Kevin Rose: Yeah, I mean I think that Rupert Murdoch is not quite as connected to the web. I don’t think that-- it was a lot more kind of when I sat down with him to explain what Digg was, and it was very much a kind of hand holding process through like okay this is what’s happening right now, people are submitting content, this is what’s going on, really, you know, but he doesn’t have to be. I mean he has a whole team of people and Fox Interactive and everything else that handled that side of the business for him. It was just kind of-- it-- I was curious to see really how involved he is, you know, and-- but when I sat down with Barry Diller it was a very different scenario. I mean it was-- he is so well connected. I mean he basically walked into the room with this amazing bad ass suit on and just sat down and was like oh Digg, yeah, love it. Like blah, blah, blah, just telling me about my business, right, you know, and just like what are you doing here, what are your integrations like, tell me about how’s this differ from what Facebook is doing here, and just like the guy is so well connected it just-- it blew my mind. I had no idea what to expect in a meeting with him and so, you know, he was asking me questions about Pounce and things like that. I’m like how the hell-- like how does he know all this stuff, like-- I mean obviously he was probably briefed before coming into the meeting or something but I mean just-- he can comprehend it. And not only that, but kind of-- it’s clear that it’s not just something that he absorbed through reading, but he actually understands the landscape, which was refreshing and pretty cool that he’s that into it. And then Al Gore is just, you know, awesome and in itself just-- I mean that was just a kind of wow moment for me, personally, just ‘cause I’m a big fan of, you know, the stuff that he’s done. And yeah-- so I really can’t go into a whole lot of details about those meetings, but that was cool.
Web celebrities are not "real celebrities," says Rose. They’re just people who have done something cool on the ‘net.
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Quoth the parrot — "Nevermore."
By his mid-30s, Edgar Allan Poe was not only weary by the hardships of poverty, but also regularly intoxicated — by more than just macabre visions. Despite this, the Gothic writer lucidly insisted that there was still a method to his madness when it came to devising poems.
In an essay titled "The Philosophy of Composition," published in 1846 in Graham's Magazine, Poe divulged how his creative process worked, particularly in regard to his most famous poem: "No one point in [The Raven's] composition is rerferrible either to accident or intuition… the work proceeded step by step, to its completion with the precision and rigid consequence of a mathematical problem."
That said, contrary to the popular idea that Edgar Allan Poe penned his poems in single bursts of inspiration, The Raven did not pour out from his quivering quill in one fell swoop. Rather it came about through a calculative process — one that included making some pretty notable changes, even to its avian subject.
As an example of how his mind worked, Poe describes in his essay that originally the bird that flew across the dreary scene immortalized in the poem was actually… a parrot.
Poe had pondered ways he could have his one word refrain, "nevermore," continuously repeated throughout the poem. With that aim, he instantly thought of a parrot because it was a creature capable of uttering words. However, as quickly as Poe had found his feathered literary device, he became concerned with the bird's form on top of its important function.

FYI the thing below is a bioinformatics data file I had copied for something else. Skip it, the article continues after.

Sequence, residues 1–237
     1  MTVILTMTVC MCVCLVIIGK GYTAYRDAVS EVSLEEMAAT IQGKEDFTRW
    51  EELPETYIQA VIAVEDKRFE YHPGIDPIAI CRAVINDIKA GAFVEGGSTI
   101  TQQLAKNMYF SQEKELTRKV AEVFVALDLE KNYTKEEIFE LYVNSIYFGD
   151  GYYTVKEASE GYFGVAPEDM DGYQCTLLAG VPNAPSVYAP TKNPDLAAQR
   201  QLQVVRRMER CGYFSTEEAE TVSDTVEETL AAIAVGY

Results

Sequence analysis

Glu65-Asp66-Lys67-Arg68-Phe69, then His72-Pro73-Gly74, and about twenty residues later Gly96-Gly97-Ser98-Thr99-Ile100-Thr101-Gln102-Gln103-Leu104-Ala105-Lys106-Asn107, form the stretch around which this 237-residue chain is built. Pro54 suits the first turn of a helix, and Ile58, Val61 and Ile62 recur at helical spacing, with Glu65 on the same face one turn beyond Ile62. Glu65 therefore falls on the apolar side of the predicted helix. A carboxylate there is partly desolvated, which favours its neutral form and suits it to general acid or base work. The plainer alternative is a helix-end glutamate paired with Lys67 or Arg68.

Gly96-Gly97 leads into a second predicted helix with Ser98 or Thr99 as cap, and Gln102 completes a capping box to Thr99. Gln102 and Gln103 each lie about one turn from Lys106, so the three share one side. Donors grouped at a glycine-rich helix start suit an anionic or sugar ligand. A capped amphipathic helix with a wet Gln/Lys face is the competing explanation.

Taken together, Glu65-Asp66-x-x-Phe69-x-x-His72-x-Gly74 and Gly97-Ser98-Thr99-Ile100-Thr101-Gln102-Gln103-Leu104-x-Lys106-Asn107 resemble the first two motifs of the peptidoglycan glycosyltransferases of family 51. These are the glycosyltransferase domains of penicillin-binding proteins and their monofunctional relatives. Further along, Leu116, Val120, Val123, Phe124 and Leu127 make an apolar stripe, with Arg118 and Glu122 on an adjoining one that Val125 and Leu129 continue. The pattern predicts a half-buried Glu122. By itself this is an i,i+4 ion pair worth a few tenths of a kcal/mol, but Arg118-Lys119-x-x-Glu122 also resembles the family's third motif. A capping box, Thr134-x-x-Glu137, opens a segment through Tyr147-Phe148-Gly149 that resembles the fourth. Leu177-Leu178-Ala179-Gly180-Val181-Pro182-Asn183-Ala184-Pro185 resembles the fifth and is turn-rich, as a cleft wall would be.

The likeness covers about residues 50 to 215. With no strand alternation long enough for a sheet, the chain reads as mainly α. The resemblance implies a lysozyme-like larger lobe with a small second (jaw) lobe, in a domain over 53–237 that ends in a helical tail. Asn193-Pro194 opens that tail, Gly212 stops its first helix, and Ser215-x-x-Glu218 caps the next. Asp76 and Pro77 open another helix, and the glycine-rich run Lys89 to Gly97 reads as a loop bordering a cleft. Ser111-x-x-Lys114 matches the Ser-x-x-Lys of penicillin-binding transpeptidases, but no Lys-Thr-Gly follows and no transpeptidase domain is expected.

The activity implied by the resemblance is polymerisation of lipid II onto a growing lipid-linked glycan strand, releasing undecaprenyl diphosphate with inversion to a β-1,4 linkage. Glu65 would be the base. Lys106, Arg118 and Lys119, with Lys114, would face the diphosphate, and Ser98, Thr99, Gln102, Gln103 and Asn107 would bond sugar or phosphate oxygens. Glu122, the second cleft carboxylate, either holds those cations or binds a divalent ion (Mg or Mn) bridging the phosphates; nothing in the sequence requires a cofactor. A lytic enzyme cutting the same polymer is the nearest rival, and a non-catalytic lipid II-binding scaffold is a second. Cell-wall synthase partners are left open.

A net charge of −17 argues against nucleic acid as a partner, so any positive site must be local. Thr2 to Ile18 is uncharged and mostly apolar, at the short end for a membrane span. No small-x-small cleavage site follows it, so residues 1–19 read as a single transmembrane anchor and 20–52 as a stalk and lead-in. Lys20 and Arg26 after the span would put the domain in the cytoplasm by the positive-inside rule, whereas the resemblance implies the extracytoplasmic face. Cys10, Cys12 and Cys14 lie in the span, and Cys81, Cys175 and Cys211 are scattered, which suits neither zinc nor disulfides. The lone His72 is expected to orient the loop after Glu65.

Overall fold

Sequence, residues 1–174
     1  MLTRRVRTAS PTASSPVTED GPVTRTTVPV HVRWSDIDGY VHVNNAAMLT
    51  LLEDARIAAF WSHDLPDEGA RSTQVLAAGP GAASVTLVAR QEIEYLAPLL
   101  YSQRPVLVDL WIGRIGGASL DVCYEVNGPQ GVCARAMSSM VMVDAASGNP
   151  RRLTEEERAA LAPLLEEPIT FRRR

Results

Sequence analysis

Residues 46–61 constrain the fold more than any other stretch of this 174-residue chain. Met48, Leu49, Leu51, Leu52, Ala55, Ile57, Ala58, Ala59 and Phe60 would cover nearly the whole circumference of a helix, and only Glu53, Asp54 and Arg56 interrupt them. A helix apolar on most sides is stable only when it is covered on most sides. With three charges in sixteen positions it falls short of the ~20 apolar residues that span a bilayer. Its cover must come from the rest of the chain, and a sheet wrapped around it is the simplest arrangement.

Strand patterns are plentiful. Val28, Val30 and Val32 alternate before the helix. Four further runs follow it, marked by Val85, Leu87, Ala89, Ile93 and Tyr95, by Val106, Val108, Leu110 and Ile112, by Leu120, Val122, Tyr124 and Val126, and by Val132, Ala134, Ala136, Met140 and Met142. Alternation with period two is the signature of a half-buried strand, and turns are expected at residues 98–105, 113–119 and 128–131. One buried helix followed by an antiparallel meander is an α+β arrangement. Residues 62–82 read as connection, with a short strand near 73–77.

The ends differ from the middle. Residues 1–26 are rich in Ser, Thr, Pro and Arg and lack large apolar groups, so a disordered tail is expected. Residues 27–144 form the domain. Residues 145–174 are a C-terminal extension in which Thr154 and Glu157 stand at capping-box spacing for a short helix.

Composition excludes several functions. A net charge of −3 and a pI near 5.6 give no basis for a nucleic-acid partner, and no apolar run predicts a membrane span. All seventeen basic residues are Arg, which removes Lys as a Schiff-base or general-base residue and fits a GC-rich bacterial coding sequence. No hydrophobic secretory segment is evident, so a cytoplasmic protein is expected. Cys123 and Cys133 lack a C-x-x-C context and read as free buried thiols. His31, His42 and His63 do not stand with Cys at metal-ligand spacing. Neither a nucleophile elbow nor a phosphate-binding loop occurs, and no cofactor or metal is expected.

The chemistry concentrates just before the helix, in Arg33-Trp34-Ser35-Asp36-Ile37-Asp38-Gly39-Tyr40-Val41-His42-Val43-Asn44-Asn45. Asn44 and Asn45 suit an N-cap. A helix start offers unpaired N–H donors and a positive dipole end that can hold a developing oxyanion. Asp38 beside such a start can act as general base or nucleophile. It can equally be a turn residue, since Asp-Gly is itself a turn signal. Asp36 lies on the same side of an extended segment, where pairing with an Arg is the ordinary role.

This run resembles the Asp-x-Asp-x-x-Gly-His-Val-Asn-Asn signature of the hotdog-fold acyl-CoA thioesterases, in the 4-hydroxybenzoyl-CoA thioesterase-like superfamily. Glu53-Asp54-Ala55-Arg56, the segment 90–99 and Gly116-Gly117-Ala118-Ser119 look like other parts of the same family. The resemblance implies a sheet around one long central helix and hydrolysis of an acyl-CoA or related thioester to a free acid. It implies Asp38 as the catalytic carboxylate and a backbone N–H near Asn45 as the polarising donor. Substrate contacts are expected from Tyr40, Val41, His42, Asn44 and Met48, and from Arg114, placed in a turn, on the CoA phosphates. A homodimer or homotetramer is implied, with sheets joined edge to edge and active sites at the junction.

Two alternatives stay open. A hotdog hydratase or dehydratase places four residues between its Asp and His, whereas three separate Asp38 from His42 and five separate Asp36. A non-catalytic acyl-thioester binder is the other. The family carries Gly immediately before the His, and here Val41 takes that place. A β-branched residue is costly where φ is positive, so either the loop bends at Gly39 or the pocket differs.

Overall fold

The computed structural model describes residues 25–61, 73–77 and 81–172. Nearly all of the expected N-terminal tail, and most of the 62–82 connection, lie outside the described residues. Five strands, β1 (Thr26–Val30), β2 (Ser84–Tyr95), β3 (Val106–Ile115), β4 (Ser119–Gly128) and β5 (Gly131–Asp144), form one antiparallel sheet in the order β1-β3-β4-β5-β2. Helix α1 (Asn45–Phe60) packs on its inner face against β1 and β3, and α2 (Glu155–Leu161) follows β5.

And as it turns out, the parrot, a pretty resplendent bird, did not perch so well in Poe's mind because it didn't fit the mood he was going for—melancholy, "the most legitimate of all the poetical tones." In solving this dilemma in terms of imagery, he made adjustments to its plumage, altogether transforming the parrot — bestowing it with a black raiment.
"Very naturally, a parrot, in the first instance, suggested itself, but was superseded forthwith by a Raven, as equally capable of speech, and infinitely more in keeping with the intended tone," Poe explained in his piece in Graham's. "I had now gone so far as the conception of a Raven — the bird of ill omen — monotonously repeating the one word, 'Nevermore,' at the conclusion of each stanza, in a poem of melancholy tone…"
It was with these aesthetic calculations that Poe ousted the colorful bird that first flew into his mind, and welcomed the darker one that fluttered in:
In there stepped a stately Raven of the saintly days of yore;
Not the least obeisance made he; not a minute stopped or stayed he;
But, with mien of lord or lady, perched above my chamber door—
Perched upon a bust of Pallas just above my chamber door—
Perched, and sat, and nothing more.
Then this ebony bird beguiling my sad fancy into smiling,
By the grave and stern decorum of the countenance it wore…
The details of the poem — including the bird's appearance — needed to all blend together, like a recipe, to bring out the somber concept he was trying to convey: the descent into madness of a bereaved lover, a man lamenting the loss of a beautiful woman named Lenore. With that in mind, quoth the parrot — "nevermore" just doesn't have the same grave effect.
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If you'd like to read more about Edgar Allan Poe, click here to review how his contemporaries tried to defame him in an attempt to thwart his success.
Evolution doesn't clean up after itself very well.
- An evolutionary biologist got people swapping ideas about our lingering vestigia.
- Basically, this is the stuff that served some evolutionary purpose at some point, but now is kind of, well, extra.
- Here are the six traits that inaugurated the fun.
- Facebook and Google began as companies with supposedly noble purposes.
- Creating a more connected world and indexing the world's information: what could be better than that?
- But pressure to return value to shareholders came at the expense of their own users.